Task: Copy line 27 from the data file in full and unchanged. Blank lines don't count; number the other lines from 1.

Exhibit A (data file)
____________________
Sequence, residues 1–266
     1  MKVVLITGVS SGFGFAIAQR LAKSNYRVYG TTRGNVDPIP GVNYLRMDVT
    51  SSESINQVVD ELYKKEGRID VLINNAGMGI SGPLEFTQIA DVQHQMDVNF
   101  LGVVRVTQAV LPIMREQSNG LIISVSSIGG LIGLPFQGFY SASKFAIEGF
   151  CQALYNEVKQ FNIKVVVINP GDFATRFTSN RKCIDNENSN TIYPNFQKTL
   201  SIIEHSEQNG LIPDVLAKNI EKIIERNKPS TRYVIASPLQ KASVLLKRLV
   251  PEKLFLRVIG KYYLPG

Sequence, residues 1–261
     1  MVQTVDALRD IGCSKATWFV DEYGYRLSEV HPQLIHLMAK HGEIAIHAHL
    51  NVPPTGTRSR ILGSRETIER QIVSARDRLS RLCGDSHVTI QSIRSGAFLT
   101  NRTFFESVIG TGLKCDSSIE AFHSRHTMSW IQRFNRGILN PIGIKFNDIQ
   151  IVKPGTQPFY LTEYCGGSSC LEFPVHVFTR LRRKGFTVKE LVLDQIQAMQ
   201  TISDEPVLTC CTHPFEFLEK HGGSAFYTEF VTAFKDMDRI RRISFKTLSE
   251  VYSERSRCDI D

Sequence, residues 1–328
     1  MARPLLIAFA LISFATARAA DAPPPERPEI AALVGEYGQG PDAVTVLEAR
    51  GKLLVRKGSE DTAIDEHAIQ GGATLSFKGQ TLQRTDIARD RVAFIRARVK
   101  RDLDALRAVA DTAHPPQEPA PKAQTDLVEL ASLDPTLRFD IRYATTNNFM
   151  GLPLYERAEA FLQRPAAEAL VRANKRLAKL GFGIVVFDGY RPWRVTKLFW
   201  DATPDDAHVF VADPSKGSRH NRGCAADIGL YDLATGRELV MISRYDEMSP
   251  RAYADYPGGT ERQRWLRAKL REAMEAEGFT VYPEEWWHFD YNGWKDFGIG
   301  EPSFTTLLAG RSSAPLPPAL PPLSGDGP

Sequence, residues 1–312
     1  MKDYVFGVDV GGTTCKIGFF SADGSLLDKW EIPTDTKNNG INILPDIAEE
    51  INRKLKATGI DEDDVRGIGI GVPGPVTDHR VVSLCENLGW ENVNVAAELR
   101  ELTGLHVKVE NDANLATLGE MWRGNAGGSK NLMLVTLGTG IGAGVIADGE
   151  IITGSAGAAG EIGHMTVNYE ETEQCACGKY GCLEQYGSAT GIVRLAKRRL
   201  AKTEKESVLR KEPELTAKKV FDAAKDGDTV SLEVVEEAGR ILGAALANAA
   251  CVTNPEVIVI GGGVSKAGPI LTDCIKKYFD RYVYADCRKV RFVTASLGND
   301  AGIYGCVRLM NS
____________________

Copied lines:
   151  IITGSAGAAG EIGHMTVNYE ETEQCACGKY GCLEQYGSAT GIVRLAKRRL